If you could change anything about Cal/OSHA, what would it be?

                a. Should enforcement be increased?

                b. Communications

                c. Training for inspectors

It would sure be nice if we could somehow minimize the partisanship that takes place and the pressures on Cal/OSHA. You have labor pressures. You have management pressures. You even have people like me who come at them from a professional point of view. It is a tough place to be. I admire anyone leading Cal/OSHA who can bring all these factions together with the objective of preventing injuries and illnesses. I think the leader of Cal/OSHA has to have those talents, those capacities, to bring those factions together and marginalize the political bent of some of the pressures on them. It is hard to do.

Some of it even comes from the governor’s office and things like that. Dealing with the politics is probably, if I could change it, I would like to figure out a way to minimize the politics and maximize the preventive approaches to protecting workers.

In areas of enforcement, I think equal enforcement has to be looked at. Cal/OSHA should look at the concept of equal enforcement. For example, if they had occasion to write significant citations and an establishment within a certain industry, I think that would suggest from an equal enforcement point of view, they should look at that entire industry, so that they are not creating an unequal competitive advantage for one or another. That’s a very unpopular view, by the way.

 

Some observers say injury and illness rates are higher than they appear because employers find ways to hide injuries, or not record them. Do you agree this is a serious problem and if so, how should it be addressed?

From my experience, I have never found it to be a serious problem in personal and professional experience. I do think where this is discovered it should be prosecuted. That would put people on notice that this is not a good thing to do.

 

California  has a long history of crafting groundbreaking regulations that the rest of the country eventually picks up. What's the next one?

One I am personally involved with, I am a member health expert advisory committee, lovingly known as the HEAC Committee. That is part of Cal/OSHA’s administrative effort to update the PELs in California, municipal exposure limits. As you may be aware, federal OSHA’s record of setting and updating PELs, the best word I can use for that is abominable. They don’t do it. They know this is a problem but don’t know how to address it or don’t want to. So what is happening on the federal level, employees who are under the regulation of Fed-OSHA are essentially governed under the 1968 ACGIH TLV. There have been substantial changes in PLVs since then, as you might imagine. Cal/OSHA has always, about every two years, simply put a small committee together to basically update the PELs by adopting the updated TLVs as the new PEL.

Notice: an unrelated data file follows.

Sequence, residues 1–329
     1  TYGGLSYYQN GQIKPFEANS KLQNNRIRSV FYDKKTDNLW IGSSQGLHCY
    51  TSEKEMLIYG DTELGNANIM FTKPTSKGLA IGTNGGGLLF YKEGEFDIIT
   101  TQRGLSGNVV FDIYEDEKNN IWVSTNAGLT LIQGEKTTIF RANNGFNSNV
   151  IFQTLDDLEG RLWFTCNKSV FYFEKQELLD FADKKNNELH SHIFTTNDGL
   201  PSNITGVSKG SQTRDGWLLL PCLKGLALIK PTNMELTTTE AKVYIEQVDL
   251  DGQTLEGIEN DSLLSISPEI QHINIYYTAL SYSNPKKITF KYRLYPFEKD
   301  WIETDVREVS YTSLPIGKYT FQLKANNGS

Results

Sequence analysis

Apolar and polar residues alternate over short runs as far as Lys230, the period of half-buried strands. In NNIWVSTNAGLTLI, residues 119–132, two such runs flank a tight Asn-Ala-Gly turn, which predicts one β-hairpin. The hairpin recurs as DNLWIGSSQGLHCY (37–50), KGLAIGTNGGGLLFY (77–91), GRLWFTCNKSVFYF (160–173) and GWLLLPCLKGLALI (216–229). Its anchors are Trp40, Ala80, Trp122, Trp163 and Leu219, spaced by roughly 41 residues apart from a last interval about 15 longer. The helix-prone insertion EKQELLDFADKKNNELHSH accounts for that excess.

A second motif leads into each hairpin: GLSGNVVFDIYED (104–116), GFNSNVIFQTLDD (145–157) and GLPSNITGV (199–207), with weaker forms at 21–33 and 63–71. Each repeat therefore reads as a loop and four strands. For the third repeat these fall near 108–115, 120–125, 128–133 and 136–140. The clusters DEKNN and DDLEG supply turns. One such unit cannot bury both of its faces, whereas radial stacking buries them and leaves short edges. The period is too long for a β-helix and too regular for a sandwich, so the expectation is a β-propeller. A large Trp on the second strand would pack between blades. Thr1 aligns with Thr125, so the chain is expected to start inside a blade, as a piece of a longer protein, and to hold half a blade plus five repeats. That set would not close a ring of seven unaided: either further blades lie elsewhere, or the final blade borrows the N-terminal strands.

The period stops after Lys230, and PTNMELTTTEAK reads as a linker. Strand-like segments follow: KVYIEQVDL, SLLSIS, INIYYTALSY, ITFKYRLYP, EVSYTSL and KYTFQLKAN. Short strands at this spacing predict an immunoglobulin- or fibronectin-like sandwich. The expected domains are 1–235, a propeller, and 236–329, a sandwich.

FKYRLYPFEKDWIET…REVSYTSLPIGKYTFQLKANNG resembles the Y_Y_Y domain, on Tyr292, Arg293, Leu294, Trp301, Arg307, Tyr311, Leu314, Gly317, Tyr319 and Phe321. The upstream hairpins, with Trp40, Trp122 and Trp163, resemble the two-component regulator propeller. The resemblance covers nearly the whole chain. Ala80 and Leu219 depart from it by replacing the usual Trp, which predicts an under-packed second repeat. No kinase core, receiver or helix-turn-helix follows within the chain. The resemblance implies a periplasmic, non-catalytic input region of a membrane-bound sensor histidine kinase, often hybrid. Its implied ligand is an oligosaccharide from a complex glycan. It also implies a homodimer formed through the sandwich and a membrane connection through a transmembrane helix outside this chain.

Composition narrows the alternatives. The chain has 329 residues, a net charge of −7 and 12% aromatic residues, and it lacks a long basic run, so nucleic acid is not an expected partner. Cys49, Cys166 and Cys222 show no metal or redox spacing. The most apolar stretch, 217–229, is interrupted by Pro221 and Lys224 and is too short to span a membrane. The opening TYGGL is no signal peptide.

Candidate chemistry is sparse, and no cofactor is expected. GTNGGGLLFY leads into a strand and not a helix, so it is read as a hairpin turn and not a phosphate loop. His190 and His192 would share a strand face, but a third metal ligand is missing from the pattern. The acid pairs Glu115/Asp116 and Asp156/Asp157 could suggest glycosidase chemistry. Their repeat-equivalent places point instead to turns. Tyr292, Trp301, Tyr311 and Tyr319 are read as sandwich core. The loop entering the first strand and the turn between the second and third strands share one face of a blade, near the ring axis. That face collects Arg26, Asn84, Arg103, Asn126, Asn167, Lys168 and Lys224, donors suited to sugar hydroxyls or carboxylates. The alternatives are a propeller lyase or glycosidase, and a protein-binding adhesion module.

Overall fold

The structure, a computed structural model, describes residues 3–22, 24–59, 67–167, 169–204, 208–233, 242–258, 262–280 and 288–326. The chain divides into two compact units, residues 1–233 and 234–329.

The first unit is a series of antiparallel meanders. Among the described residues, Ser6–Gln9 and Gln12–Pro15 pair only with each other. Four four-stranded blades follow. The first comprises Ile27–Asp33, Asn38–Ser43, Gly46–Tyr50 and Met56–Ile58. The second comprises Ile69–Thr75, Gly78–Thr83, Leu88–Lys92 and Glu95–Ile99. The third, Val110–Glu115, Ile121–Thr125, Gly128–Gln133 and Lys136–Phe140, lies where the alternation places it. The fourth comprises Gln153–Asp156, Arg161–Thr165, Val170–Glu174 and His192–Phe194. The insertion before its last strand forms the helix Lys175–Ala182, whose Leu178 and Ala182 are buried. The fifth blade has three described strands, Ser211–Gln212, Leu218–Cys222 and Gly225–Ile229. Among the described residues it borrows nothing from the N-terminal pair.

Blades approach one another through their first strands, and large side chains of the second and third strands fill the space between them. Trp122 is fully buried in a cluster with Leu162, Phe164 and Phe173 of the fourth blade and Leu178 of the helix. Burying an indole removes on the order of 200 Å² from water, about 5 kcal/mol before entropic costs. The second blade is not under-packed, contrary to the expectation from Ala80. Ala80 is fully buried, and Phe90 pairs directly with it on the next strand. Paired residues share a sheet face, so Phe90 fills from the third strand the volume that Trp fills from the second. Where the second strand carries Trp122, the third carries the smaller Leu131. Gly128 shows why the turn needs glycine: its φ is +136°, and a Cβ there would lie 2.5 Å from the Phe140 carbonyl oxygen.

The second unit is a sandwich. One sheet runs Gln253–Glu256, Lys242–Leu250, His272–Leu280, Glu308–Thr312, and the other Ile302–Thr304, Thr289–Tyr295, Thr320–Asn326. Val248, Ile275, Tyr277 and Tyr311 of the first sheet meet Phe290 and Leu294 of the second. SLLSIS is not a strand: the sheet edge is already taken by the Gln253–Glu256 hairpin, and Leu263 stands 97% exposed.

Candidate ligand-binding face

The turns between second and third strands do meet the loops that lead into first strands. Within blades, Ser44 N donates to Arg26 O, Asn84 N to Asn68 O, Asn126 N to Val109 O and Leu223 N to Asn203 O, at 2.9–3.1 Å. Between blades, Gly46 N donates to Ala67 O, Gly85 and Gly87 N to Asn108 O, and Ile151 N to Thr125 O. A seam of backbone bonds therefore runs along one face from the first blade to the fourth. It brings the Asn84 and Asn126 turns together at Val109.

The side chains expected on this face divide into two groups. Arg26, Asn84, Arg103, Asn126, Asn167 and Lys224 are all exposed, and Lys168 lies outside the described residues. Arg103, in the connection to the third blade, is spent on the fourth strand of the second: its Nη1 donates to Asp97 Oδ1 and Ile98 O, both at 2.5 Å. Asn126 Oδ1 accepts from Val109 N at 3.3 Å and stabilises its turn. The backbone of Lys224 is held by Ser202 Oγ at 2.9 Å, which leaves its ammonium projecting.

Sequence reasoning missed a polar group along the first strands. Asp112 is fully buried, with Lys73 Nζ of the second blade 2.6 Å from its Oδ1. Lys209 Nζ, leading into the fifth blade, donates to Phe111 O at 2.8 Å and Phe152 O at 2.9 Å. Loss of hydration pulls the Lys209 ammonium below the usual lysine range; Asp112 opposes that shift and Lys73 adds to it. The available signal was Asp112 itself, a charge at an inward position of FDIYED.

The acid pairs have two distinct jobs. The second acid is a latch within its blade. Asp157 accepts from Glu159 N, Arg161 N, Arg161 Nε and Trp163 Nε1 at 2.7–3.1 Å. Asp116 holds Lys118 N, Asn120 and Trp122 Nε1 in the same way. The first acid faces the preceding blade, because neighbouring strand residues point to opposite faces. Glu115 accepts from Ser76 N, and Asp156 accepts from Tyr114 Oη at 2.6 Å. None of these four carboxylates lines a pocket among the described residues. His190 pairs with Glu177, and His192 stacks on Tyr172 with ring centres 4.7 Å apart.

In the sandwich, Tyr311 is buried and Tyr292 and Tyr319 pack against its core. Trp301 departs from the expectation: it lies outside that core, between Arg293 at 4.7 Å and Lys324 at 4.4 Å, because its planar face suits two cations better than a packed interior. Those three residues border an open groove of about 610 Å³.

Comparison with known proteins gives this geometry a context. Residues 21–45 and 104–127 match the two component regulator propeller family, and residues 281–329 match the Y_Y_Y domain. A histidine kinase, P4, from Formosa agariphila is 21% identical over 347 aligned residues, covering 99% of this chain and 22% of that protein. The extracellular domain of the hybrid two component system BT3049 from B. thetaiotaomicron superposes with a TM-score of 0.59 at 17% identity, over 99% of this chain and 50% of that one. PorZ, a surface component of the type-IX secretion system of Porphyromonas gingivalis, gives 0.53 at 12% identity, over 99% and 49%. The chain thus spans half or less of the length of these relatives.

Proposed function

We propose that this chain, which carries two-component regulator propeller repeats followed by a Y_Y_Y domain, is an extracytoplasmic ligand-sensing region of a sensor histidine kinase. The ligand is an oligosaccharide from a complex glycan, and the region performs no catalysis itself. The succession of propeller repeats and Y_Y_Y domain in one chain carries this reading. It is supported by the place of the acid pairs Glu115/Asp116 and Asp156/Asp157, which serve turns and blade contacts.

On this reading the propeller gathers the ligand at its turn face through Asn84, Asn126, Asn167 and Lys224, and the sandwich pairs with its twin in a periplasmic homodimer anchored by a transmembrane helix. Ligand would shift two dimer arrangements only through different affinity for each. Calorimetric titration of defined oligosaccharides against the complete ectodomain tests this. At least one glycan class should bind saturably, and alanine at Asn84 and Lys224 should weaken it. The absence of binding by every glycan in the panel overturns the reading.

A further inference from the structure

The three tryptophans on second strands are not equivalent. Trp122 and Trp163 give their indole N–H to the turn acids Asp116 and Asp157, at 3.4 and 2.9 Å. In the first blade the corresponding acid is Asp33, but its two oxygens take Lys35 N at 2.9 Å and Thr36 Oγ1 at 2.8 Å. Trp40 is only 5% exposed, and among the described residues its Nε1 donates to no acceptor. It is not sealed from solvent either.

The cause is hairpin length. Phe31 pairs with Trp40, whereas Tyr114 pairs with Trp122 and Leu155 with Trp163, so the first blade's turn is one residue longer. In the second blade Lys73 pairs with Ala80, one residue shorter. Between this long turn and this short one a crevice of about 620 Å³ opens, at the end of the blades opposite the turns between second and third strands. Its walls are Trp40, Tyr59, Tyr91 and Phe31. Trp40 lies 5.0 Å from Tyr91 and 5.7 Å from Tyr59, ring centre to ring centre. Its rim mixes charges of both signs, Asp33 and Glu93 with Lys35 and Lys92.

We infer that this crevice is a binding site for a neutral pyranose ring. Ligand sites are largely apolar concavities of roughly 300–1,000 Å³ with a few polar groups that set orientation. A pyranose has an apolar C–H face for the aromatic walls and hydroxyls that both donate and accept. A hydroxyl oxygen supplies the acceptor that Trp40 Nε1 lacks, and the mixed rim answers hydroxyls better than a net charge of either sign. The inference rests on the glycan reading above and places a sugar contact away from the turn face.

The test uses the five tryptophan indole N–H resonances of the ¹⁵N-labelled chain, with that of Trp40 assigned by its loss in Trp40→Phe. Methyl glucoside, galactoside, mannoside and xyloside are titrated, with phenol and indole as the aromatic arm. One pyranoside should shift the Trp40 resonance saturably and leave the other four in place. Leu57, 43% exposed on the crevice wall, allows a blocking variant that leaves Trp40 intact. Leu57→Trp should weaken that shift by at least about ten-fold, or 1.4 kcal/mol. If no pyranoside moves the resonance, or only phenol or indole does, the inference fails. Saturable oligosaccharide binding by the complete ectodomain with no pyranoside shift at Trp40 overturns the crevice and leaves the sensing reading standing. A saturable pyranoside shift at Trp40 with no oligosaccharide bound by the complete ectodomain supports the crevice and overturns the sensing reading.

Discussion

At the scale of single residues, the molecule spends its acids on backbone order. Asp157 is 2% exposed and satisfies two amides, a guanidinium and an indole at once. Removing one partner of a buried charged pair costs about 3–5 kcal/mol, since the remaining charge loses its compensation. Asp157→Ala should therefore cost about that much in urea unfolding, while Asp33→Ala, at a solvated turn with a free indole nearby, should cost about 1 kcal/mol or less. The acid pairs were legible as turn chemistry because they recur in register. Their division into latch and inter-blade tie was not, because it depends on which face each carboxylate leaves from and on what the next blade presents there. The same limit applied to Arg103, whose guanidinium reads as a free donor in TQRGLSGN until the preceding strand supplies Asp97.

This process came under some scrutiny a few years ago. The HEAC process was established to make that evaluation process more transparent. It is a slow, plodding process and some people would like to see that speeded up by bringing in elements of the California EPA to set those standards, but that process still needs what I call due process and scientific due process.

This is a process that California is engaged in. I know Fed-OSHA has taken note of it, but I don’t know where they can adopt it. But if it has success here in California, I think it may help give Fed-OSHA some idea of how to go about getting this problem solved at the federal level. I think this is an important area. It is current and it could even be the “next one.”

 

Will AB 2774 resolve the problems cited by DOSH on serious violations and provide a more equitable appeals system? If not, how should it be reformed?

It helps. It is still fresh. Time has to go by to see how well it works. If it’s not working, there should be a group of knowledgeable people [to] sit down and take a look at it. This was a good example, actually, of the Cal/OSHA chief’s ability to bring the factions together and get something done in this area. I’d give it a chance to work.

 

Should DOSH approach enforcement with more of an eye toward achieving compliance, rather than looking for violations to cite? And if so, would such an approach work?

It is kind of hard to separate that. Part of compliance is whether or not there are violations. For example, I have had some experience in my work history, some things that might be given some thought is the issue of the so-called unannounced inspection, walking in unannounced. I know some people think that’s the right way to do it.

Some think if you announce, people are going to run around and hide things. But I have some experience, years ago, with the state Department of Radiological Health, when they were doing their inspection of radiological licenses.

They would call for an appointment and pressure you to keep that appointment within 10 days. Quite frankly, the fact that they made the appointment and you knew they were going to be coming in, you more or less did a self-inspection before they walked in. You found your areas of noncompliance, or not keeping your records right. You spent a lot of time before they came, before they came in, making sure your program was correct and up to date. So in my opinion, the mere calling for the appointment created a huge amount of compliance before they ever walked in the door. I think that’s something that maybe should not be just thrown away.